Hydroponic Gardening: How to Get Started

Hydrophonic Gardening: How to Get Started

Hydroponic gardening comes with serious benefits — especially in the current economic climate.

First off, it allows you to grow your own produce and potentially save tons of money (a big plus if your job’s been affected by the pandemic.) 

On top of this? You can do it all indoors — meaning those cold winter months won’t hold you back at all. In fact, it might just give you something to do when the outdoors are too chilly to venture out in.

Are you interested in getting started in hydroponic gardening? Just tired of all those trips to the grocery store amid the pandemic? Here’s how to get started.

Hydroponic gardening tips for beginners

1. Pick your plants.

Your first step is to pick what plants you want to grow. Are you looking to just grow some herbs and small greens for salads? Or do you want actual produce options, like tomatoes, strawberries, peas, carrots, or cucumbers? Make a short list of a few plants you’d like to have. You’ll need this to determine which gardening system is the best fit for your goals.

You may also want to start your seeds. Rapid rooters can help speed up germination and reduce error when setting up your system.

2. Choose your hydroponic gardening system.

There are several hydroponic farming methods to choose from. The right one really depends on the amount of space you have, the plants you want to grow, and your budget for the project.

Here are some of your options:

  • NFT – Nutrient Film Technique, or NFT, is a small, sloped system where water flows through the roots using a water pump. It’s best for plants with shallow roots, like leafy greens.
  • Wick – The Wick systems requires no pump or electricity whatsoever, just a nylon wick that runs from the plant down to a nutrient mixture. These are ideal for herbs.
  • DWC – Deep Water Culture systems use a deep water bucket, air pump, and air stone to provide nutrients to the plants suspended above. It’s a good option if you’re looking to grow larger plants (like tomatoes, for example).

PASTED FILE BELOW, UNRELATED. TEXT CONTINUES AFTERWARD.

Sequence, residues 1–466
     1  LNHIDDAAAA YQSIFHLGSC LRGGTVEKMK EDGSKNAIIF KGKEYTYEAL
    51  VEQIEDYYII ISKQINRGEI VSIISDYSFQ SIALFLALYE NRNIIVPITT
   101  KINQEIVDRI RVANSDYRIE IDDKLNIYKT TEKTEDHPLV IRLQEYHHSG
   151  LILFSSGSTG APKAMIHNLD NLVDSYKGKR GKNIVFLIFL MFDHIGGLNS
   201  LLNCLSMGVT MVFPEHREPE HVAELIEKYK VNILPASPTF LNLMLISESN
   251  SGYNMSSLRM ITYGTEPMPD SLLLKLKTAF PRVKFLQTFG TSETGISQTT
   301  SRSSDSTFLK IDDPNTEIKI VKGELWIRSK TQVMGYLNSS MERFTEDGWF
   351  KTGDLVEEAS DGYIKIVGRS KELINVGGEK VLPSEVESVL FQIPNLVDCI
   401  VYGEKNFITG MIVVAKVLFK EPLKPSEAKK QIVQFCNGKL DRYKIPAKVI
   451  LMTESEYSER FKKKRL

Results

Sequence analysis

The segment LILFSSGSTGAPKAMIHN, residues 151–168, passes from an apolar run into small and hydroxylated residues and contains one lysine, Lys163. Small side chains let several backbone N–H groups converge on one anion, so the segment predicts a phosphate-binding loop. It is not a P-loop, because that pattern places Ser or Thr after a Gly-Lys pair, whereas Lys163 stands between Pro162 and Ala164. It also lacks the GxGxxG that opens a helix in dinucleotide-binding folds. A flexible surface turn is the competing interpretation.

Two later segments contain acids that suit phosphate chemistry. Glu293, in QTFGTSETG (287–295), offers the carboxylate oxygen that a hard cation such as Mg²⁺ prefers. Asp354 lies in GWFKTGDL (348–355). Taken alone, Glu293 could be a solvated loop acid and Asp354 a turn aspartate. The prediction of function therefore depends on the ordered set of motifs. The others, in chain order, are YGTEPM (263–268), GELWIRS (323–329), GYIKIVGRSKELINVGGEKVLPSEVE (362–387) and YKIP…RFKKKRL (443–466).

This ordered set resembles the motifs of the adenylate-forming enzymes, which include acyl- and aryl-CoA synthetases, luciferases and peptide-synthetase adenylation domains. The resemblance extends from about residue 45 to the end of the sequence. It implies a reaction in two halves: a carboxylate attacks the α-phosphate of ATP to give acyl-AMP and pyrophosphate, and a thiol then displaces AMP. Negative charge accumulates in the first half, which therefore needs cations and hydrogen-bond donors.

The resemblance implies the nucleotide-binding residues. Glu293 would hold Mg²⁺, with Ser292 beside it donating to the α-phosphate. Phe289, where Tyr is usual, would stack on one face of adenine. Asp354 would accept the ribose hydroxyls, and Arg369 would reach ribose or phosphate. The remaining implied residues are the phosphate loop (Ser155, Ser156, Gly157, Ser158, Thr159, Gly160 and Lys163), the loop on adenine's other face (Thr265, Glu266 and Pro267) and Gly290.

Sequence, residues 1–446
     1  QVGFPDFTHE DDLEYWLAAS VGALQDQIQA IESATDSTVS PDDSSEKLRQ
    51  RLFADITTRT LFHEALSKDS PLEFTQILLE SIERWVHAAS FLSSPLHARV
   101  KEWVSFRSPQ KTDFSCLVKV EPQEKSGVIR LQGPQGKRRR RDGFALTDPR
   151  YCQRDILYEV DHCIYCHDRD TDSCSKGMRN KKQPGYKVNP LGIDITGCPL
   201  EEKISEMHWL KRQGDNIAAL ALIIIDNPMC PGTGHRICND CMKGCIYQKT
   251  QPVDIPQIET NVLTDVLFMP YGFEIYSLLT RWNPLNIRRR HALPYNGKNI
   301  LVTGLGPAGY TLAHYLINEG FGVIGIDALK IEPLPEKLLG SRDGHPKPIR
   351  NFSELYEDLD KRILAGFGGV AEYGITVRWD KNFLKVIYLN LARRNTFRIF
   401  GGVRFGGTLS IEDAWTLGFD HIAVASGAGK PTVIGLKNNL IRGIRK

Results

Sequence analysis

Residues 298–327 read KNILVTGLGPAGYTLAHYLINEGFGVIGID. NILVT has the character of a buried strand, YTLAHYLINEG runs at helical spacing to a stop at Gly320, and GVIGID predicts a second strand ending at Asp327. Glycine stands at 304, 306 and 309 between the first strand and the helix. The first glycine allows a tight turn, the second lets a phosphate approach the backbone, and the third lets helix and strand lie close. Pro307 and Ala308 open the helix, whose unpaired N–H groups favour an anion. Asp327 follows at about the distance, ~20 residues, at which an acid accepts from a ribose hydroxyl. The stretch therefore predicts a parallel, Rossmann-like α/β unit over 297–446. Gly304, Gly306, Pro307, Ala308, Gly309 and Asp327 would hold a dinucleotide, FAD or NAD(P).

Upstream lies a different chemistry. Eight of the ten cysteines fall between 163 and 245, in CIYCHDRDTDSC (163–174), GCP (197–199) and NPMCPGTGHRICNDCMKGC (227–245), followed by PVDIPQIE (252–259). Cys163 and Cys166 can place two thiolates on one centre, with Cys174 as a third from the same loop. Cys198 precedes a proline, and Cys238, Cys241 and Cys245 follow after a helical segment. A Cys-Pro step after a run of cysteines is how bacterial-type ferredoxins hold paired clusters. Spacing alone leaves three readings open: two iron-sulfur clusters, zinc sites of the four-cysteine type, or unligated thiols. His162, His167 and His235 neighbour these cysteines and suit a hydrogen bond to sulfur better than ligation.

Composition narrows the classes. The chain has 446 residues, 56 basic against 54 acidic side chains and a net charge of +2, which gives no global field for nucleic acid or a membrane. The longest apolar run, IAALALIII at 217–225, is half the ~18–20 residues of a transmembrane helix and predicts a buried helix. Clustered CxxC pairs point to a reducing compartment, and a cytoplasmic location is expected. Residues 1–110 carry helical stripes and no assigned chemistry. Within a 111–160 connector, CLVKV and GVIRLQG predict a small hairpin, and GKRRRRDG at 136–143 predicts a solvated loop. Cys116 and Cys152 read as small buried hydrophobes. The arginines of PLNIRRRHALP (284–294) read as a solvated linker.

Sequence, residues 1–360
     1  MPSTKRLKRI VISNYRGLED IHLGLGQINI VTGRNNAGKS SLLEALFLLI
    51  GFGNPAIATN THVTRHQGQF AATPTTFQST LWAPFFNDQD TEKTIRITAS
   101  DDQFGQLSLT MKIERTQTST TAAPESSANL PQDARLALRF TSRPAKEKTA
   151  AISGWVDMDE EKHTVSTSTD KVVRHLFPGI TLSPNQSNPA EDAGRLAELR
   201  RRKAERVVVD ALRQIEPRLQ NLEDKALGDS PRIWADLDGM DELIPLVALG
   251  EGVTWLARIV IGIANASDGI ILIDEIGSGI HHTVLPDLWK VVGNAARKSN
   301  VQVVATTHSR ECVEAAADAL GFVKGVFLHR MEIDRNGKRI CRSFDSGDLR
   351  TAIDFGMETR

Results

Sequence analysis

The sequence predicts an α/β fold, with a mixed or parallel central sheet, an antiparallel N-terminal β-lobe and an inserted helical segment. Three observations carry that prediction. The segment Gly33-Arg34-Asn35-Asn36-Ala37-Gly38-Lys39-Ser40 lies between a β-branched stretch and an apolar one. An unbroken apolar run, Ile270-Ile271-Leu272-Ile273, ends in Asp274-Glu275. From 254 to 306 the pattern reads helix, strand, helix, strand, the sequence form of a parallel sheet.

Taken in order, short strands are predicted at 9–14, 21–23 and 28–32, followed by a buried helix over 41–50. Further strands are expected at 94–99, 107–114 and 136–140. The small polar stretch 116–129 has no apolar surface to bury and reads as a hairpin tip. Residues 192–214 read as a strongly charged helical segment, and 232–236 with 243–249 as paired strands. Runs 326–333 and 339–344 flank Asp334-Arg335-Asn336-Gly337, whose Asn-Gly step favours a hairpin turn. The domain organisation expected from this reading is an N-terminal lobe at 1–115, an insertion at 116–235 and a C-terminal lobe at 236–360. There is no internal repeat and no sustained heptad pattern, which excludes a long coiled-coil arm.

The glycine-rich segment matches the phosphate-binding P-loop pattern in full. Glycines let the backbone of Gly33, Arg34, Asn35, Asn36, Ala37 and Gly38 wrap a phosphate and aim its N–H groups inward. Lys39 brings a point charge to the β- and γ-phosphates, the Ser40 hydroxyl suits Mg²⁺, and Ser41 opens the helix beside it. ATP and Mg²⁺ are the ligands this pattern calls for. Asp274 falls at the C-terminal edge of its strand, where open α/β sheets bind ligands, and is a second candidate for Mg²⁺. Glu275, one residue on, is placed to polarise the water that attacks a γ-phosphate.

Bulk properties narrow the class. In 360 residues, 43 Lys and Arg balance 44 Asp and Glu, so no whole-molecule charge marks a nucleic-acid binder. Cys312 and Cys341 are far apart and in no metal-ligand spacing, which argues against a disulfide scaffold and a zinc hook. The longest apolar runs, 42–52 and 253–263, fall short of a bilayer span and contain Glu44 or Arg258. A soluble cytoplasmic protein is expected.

• Ebb and flow – These are good for basically all plant types — even deep ones like root veggies. These require a full garden bed, with a water-based nutrient system underneath. They tend to take up a good amount of real estate.
  • Drip – This one uses a water pump to drip nutrients onto each plant, in a sort of circulating system. It’s a good option for virtually any plant, since you can customize the flow rate accordingly.

There are some other system types, too, but these tend to be the most common.

3. Let there be light.

You’ll next need a light source for your hydroponic gardening system. Again, there are a lot of options here, and the best choice will depend on your budget, the amount of space you have, and the plants you’ve chosen.

One of the best all-around options is a full-spectrum LED light. You can use these on herbs, greens, fruit, and other plants. Make sure the light has a timer, too, as you’ll need to have control over how long your plants are exposed.

4. Purchase your “soil,” nutrients, and other supplies.

Get all the supplies you’ll need for your chosen system, as well as a pH meter and pH test kit. 

You will also need a medium to plant in (soil isn’t used in hydroponic gardening). Common options include expanded clay pebbles, rockwool, perlite, and vermiculite. 

You’ll also need the appropriate nutrients and supplements for your plants. Nutrient solutions typically come in one-, two-, and three-step systems.

5. Set your hydroponic gardening system up.

Finally, set your system up, install your lights, and run the water and any pumps to make sure everything is working as it’s supposed to. If it all looks good, mix your nutrient solution, and test the pH levels. You may need to adjust your nutrients to get the right pH level for your plants.

Once that’s right, you can add your plants, set your light timer, and get started on your gardening.

Feeling overwhelmed?

If you’re feeling overwhelmed at the idea of hydroponic gardening — or just a bit confused about it all — then consider talking to an expert at your local garden or home improvement store. They can recommend the right gardening system for your needs, as well as help you choose appropriate plants and supplies for getting started. They may even be able to come set up your system for you.

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